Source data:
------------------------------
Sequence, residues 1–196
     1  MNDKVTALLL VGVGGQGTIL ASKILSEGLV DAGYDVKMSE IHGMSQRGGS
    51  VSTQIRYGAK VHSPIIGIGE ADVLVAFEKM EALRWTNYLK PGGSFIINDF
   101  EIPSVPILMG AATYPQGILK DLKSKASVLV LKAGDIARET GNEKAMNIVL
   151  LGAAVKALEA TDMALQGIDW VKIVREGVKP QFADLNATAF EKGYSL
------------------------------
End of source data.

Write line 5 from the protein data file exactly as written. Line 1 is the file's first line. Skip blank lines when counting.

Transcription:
   151  LGAAVKALEA TDMALQGIDW VKIVREGVKP QFADLNATAF EKGYSL